On Sunday 26 June at 7PM, a performance of Gnaeus Robertulus Gravesa at the amphitheatre in Deià will mark the tenth anniversary of La Casa de Robert Graves opening to the public.
The Casa is maintained and managed by La Fundació Robert Graves, formed in 2003 and a non-profit based in the Balearics. Its fundamental purpose is to make Graves’s work better known in Spain. Among other things, the Foundation maintains and manages the permanent exhibition of Graves’s life and work at the house in Deià and promotes Mallorca through those aspects of his life and work most connected with the island and the village.
I spoke to William Graves, Robert’s son and the driving force behind the Foundation about the past ten years and his father’s legacy.
How well do you think the foundation has achieved its objectives, William?
My first great achievement was persuading the government to leave things as they were. I stopped them putting marble floors into the house.
The important thing is that the house is as perfect as it can be. It looks a lot better than when the family was there. The garden is much tidier. It’s more like it was in the 1930s, when it was just Robert and Laura Riding. Karl Gay, Robert’s secretary, used to say it was a ‘jewel box’ back then. When we children arrived it ceased being a jewel box.
On my mother’s death the house was acquired by the Foundation, which is funded by local government. We maintain the house with funds from local government, the town hall and what we make at the gate. Around 6,000 people come every year, which is almost enough There’s never quite sufficient money – at times we have to resort to ‘string and chewing gum’ – but it’s working well.
There are also 10,000 meters of olive groves which we’d like to open up to the public.
What sort of people come?
We get some wonderful people. A lot are interested in Robert’s work. Others discover him through the house. Many are simply absolutely fascinated with the garden. In winter we supplement our income with visits from groups like ESRA and Spanish schools learning English.
What would you like to achieve for the future?
The house is very satisfactory. It could do with a few tweaks here and there but all we really need is a little more funding. We’re now at the stage where we’re setting up an association of friends of Robert Graves through which I hope we can obtain volunteers to help our two staff members when they get too many visitors at one time and least be able to pay for their petrol.
However, the Foundation’s aim is also to provide lectures, school talks, Graves studies, conferences, publications, and it will be helped by the new association.
How do you explain the continued interest in your father’s work?
His sales go up and up all the time and, as his literary executor, I do everything I can to promote his name. One of the things I’m doing is transcribing his letters, which will be published online. I’m currently working on those relating to World War I, when he was already very much an establishment figure and one of the War Poets. Some of the letters relate to his saving his friend Siegfried Sassoon from a court-martial for writing an anti-war letter to the Times, and having him sent to Caiglockhart, a psychiatric home for officers near Edinburgh. Later Robert turned to love poetry, dedicated himself to the Muse, and removed all the war poetry from the canon.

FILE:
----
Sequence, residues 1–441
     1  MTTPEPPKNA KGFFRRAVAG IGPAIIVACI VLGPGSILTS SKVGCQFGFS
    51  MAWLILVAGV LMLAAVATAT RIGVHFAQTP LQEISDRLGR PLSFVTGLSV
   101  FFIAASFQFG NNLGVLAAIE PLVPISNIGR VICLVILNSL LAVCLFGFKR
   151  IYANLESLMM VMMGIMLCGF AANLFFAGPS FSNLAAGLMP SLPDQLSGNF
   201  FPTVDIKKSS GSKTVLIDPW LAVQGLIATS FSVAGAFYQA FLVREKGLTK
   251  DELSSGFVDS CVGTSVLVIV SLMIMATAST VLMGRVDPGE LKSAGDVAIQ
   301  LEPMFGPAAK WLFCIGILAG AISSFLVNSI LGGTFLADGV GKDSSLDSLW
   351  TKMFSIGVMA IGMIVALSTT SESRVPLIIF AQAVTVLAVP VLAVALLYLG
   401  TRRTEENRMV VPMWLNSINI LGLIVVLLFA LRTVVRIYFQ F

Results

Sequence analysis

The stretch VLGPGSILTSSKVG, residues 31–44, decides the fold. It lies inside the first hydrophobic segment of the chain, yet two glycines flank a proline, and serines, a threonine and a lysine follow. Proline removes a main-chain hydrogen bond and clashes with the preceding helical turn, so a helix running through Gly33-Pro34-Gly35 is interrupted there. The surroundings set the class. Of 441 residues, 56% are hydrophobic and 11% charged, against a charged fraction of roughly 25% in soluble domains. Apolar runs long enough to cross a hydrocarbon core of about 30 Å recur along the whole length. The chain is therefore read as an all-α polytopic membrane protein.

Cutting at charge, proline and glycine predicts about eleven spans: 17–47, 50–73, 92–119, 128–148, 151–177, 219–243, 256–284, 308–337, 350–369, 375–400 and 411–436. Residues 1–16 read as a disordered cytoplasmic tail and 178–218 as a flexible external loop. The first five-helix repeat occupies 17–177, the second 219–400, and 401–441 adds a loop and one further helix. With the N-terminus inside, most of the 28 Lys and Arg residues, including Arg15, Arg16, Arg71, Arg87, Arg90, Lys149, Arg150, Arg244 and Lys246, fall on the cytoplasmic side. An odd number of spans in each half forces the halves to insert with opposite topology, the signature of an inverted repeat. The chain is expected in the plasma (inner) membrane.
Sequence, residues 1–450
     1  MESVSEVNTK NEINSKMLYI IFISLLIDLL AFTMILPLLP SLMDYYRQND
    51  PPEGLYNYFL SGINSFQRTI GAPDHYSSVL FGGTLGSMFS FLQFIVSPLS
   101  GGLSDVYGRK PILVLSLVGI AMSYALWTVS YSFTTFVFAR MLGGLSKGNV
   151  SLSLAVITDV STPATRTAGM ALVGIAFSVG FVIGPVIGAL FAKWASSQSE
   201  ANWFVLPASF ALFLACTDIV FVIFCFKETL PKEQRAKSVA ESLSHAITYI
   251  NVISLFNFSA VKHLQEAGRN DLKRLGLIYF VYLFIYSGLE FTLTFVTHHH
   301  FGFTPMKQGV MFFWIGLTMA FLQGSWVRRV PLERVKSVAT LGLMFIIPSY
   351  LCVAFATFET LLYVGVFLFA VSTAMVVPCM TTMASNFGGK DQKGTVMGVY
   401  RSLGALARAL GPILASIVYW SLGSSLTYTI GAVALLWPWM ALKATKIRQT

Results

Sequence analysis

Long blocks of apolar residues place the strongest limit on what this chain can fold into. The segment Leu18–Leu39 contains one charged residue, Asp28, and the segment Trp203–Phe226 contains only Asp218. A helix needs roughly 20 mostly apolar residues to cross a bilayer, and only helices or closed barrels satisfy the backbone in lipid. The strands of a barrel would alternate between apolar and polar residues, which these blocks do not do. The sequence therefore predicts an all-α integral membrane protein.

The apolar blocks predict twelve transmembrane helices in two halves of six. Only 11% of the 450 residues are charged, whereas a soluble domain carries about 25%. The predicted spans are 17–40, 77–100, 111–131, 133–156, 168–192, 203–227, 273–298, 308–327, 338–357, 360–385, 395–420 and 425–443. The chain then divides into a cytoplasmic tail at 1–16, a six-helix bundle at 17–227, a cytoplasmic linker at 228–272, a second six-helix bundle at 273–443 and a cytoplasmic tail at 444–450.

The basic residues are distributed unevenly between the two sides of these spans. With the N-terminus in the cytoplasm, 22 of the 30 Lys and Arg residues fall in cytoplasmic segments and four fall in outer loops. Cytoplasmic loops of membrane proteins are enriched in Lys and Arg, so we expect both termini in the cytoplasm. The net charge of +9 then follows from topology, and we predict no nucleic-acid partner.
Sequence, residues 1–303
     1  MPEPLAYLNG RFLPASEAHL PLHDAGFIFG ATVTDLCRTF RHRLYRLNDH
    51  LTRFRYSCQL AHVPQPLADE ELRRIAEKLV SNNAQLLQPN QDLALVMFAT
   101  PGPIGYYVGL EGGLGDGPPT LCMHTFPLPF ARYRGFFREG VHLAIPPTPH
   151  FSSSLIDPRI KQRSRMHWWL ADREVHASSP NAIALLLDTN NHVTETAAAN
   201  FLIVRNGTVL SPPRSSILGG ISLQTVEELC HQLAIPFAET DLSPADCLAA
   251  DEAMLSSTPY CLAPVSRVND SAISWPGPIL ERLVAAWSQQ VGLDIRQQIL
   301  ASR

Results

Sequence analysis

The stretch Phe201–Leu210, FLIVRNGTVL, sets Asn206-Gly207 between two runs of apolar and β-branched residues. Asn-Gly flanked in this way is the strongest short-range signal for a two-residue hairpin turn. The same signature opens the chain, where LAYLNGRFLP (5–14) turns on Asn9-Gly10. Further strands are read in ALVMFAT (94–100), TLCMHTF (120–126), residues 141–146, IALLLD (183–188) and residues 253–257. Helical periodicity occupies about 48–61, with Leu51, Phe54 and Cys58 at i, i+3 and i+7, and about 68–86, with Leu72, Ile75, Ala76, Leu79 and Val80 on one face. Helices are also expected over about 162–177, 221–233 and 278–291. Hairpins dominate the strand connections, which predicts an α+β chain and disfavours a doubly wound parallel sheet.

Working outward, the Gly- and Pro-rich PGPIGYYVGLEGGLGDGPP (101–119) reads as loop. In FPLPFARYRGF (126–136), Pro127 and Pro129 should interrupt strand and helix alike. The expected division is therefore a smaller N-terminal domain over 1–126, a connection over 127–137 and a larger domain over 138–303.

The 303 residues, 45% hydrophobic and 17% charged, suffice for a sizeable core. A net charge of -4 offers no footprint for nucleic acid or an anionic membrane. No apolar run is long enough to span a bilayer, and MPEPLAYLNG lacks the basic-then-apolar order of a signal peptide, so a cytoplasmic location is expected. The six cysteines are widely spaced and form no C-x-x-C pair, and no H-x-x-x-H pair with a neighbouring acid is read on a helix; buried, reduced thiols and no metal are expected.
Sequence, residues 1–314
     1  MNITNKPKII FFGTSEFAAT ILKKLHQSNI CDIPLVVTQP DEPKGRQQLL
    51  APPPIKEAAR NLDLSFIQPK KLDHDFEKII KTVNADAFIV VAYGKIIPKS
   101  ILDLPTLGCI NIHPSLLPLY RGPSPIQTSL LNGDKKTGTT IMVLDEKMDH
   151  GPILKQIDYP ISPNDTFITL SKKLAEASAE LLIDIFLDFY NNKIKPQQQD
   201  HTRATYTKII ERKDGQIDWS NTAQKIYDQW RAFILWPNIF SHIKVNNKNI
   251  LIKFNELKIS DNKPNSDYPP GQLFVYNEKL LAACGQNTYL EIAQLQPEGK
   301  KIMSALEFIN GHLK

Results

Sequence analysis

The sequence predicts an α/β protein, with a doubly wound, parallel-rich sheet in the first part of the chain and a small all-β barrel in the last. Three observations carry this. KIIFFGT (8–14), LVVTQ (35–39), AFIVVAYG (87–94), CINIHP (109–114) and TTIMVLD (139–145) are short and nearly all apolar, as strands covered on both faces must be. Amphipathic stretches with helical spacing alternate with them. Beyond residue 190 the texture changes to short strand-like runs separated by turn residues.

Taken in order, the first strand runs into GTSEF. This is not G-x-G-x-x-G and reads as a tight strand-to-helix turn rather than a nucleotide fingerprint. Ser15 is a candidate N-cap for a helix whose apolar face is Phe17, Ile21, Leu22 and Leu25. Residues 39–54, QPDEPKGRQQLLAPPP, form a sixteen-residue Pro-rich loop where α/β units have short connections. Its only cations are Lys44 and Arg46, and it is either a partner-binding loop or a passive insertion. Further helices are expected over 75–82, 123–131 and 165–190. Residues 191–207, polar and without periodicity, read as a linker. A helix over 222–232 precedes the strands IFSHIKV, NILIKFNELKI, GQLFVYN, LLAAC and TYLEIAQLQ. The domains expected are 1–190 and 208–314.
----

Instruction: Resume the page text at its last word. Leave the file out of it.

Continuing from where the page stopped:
I’ve over 9,000 letters of his located in about 50 libraries worldwide which I hope eventually to make available for study online. The letters relating to WWI are a pilot set.
Do you return to his writing?
I’ve reread just about everything and if there’s something I need to know about I return to the relevant book. I translated The White Goddess into Spanish, which is quite something. They say a translator gets to know a book better than the writer. One of the first things I did as Robert’s executor was to bring back his war poetry. Most of his work is in print. I am happy that Penguin have also republished the first 1929 edition of Goodbye to All That, alongside the tidied up 1957 edition.
Could you tell me a little about the celebration on Sunday?
One of the problems is that Robert’s writing is all in English. There’s very little in Catalan and I wanted to offer something so the locals could learn about him. Gnaeus Robertulus Gravesa is a play based on a short story by Robert written from the perspective of a Roman historian looking back over the life of a forgotten poet who lived before his time. The poet served in the 23rd Legion and the Royal Welch Fusiliers, in which Robert served, were the 23rd Regiment. Like Robert he was severely wounded. It’s a nice little tip of the hat.
The play has been created out of the text and there will also be a couple of dancers. It will last for about an hour. The performance starts at 7PM on Sunday 26 June and is free. The public amphitheatre, where it will take place, is a lovely setting in which to celebrate our achievement with La Casa de Robert Graves. Everyone is welcome.
Thank you, William. It sounds like the perfect way to begin a summer night in Deià.